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UK economy fell into recession after people cut spending

People spending less, doctors’ strikes and a fall in school attendance dragged the UK into recession at the end of last year, official figures show.

The economy shrunk by a larger than expected 0.3% between October and December, after it had already contracted between July and September.
The UK is in recession if it fails to grow for two successive quarters.

For the whole of 2023, the UK economy grew by 0.1%.

Nevertheless, excluding the Covid years, that annual growth figure is the weakest since 2009 when the UK and other major economies were reeling from the global financial crisis when bank lending almost ground to a halt.

The Office for National Statistics (ONS) said there were a number of areas where economy faltered at the end of the year. Shoppers spent less in December after taking advantage of Black Friday sales in November.

 

Responding to the ONS’ first GDP estimate for the fourth quarter of 2023, Dr Liz Cameron CBE, Chief Executive of the Scottish Chambers of Commerce, said:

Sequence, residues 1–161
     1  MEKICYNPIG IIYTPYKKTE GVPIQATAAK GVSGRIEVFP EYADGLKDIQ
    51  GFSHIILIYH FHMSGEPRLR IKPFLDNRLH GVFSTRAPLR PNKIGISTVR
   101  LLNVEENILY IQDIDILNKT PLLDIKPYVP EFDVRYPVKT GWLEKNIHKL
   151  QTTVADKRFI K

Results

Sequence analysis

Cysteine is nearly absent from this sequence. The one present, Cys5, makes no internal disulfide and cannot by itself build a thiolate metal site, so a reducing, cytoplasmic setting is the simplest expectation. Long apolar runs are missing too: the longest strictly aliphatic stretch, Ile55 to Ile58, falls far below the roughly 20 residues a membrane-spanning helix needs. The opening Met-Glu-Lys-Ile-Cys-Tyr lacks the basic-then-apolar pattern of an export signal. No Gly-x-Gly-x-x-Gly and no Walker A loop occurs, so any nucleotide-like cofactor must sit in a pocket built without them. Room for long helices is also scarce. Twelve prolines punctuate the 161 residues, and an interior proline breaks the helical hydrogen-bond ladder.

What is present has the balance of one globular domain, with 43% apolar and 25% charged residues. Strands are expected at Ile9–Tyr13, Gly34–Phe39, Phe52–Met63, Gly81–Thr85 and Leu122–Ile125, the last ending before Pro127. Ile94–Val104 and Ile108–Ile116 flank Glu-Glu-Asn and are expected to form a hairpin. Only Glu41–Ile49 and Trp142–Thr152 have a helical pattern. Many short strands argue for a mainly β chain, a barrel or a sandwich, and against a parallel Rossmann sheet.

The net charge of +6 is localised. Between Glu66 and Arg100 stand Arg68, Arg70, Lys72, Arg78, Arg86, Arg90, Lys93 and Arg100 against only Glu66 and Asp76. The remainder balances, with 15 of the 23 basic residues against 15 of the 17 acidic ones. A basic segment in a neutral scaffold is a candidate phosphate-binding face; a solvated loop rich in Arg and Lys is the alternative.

“A contraction in GDP for the final quarter of 2023 means the UK economy is in technical recession. Businesses were already clear about the challenges that they face, and this news should ring alarm bells for Government.

“While this recessionary data is slight, it confirms what our own business research had been saying for all of 2023. That the economy remained persistently locked in a low growth cycle of stagnation as headwinds continued to weigh heavily on firms.

“The Chancellor must use the upcoming Spring Budget in just a few weeks to set out his government’s plans to help business and the economy to grow.

“Businesses need long-term certainty through an economic plan that relieves their cost pressures and helps unlock much needed investment.”

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